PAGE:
However, even if we are part of a branch of Christianity that takes that to heart – and the majority of Christianity still has not – we still find our religious language imbued with sacrificial language, to the point that we can often struggle to find any other way of expressing ourselves in the context of faith.  ‘Remembering his work and passion,’ we say, ‘and pleading his eternal sacrifice’.  We go on to say: ‘we offer and present to you our very selves, to be a living sacrifice’.  So we do our best to change the way we use the language, to change the meaning of the language, but we cannot get away from using the language.  And in that we are no different from past generations, past centuries, even past millennia.  It seems there is something in our DNA about sacrifice being the way to relate to God.

So we can perhaps understand the frustration of Jeremiah when his prophecy takes on the subject.  He is fighting against the presumed, accepted, traditional understanding and custom, one from which the people of Israel were far from immune – the tradition of child sacrifice:

‘ … the people of Judah have done evil in my sight, says the Lord; they have set their abominations in the house that is called by my name, defiling it. And they go on building the high place of Topheth, which is in the valley of the son of Hinnom, to burn their sons and their daughters in the fire—which I did not command, nor did it come into my mind.’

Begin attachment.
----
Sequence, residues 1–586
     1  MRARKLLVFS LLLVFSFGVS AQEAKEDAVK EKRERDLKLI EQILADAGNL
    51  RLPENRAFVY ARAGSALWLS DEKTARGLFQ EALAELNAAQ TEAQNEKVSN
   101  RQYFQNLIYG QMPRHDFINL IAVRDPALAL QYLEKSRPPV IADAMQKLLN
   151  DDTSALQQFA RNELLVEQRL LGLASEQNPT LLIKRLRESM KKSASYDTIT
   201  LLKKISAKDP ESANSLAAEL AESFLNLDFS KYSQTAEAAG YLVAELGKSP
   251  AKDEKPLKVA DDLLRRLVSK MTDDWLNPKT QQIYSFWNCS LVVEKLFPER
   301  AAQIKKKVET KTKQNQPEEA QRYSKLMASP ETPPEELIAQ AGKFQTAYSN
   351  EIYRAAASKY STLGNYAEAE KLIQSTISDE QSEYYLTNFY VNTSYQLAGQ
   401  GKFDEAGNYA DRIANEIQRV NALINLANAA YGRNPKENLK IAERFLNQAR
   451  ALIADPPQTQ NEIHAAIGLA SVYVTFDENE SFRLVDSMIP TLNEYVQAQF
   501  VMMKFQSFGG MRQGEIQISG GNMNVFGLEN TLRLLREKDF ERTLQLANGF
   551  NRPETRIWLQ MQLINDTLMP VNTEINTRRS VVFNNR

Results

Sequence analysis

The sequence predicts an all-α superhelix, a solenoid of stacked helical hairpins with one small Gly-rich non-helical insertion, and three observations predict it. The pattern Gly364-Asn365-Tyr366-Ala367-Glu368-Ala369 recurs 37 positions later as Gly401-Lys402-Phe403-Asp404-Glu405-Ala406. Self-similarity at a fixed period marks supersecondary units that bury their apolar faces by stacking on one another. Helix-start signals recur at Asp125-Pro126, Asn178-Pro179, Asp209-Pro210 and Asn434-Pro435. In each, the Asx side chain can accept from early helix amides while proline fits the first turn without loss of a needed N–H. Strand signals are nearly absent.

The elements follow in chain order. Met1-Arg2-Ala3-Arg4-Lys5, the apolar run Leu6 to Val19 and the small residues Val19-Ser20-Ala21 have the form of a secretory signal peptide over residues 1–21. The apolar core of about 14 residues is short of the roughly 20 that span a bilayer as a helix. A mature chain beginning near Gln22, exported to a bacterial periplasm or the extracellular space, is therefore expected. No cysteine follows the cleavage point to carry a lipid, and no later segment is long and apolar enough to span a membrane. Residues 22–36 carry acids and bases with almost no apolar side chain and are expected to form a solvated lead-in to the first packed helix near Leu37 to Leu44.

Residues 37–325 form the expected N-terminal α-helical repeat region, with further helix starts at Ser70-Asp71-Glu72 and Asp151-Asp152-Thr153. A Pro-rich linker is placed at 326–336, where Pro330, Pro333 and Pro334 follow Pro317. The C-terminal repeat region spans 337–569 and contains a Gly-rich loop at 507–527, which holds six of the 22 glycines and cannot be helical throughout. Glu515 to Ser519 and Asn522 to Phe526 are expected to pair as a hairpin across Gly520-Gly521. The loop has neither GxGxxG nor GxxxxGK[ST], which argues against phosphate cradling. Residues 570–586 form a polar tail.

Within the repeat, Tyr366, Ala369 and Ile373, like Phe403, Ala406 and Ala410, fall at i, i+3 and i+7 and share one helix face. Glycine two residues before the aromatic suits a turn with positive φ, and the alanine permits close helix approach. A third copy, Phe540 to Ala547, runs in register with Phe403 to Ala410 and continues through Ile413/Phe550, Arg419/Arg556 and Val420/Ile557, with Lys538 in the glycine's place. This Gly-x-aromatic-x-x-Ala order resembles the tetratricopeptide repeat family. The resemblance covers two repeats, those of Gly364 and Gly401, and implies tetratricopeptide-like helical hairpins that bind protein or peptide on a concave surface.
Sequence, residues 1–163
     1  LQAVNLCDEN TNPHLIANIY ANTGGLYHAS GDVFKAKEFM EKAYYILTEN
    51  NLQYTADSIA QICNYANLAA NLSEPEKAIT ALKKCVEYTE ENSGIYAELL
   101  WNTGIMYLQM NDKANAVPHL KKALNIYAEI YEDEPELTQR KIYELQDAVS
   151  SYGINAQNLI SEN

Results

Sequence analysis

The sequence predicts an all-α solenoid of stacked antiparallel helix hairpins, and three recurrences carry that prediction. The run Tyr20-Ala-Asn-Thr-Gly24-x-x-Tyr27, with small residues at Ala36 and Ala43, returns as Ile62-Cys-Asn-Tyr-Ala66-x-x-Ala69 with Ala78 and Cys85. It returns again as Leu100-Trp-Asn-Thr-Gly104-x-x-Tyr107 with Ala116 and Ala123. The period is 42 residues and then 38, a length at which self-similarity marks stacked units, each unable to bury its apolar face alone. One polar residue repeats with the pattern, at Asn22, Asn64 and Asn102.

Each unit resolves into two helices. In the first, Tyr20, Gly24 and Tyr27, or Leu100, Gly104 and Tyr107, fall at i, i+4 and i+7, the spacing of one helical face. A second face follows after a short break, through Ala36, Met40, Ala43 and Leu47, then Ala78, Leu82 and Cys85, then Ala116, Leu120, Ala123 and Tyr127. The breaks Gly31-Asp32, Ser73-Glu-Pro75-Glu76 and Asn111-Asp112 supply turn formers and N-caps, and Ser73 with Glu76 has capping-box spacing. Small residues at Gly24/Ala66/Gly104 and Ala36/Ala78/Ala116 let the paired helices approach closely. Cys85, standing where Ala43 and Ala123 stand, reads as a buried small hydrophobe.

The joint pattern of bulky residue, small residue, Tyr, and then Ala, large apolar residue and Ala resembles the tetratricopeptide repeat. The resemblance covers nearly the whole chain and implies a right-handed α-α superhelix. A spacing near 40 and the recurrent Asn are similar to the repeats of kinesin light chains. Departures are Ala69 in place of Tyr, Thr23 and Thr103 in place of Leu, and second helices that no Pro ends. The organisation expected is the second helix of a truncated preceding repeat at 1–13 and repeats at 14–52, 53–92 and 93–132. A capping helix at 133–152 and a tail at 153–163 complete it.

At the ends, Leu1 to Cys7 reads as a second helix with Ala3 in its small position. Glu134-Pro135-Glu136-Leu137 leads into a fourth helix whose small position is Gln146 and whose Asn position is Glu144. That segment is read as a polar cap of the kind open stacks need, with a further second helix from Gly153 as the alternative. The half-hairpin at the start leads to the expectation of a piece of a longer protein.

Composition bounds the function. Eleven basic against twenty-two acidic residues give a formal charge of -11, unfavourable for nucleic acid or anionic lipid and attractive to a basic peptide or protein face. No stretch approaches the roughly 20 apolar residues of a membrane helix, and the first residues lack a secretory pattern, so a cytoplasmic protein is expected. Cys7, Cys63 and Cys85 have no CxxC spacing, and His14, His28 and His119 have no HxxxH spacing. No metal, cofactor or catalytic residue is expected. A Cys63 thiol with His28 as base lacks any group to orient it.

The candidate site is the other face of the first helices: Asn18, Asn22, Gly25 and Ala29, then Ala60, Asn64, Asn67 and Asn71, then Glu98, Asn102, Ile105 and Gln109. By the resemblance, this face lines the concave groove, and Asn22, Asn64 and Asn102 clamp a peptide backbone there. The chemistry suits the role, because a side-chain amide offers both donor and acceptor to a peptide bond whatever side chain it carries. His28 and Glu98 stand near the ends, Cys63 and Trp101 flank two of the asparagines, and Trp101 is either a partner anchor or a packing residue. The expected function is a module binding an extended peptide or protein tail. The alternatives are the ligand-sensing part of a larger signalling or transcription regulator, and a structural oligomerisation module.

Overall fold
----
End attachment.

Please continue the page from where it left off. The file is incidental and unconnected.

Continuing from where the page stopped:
But actually Jeremiah takes the argument further, takes the story back further, and challenges the sacrificial system in its entirety:

‘Thus says the Lord of hosts, the God of Israel: Add your burnt-offerings to your sacrifices, and eat the flesh. For on the day that I brought your ancestors out of the land of Egypt, I did not speak to them or command them concerning burnt-offerings and sacrifices. But this command I gave them, ‘Obey my voice, and I will be your God, and you shall be my people; and walk only in the way that I command you, so that it may be well with you.’ Yet they did not obey or incline their ear, but, in the stubbornness of their evil will, they walked in their own counsels, and looked backwards rather than forwards.’

And in the context of the prophecy of Jeremiah we can perhaps begin to see the story of Abraham and Isaac in a different light.  This then becomes a story that tells the people of Abraham how they became a people that saw things differently from those around them; it becomes a story that tells how they moved on from the old ways, a story of revelation, the story of the choosing of a new path.  This story tells how people thought God spoke, how they heard what they expected to hear, what their ancestors had heard, what their parents had taught them to hear.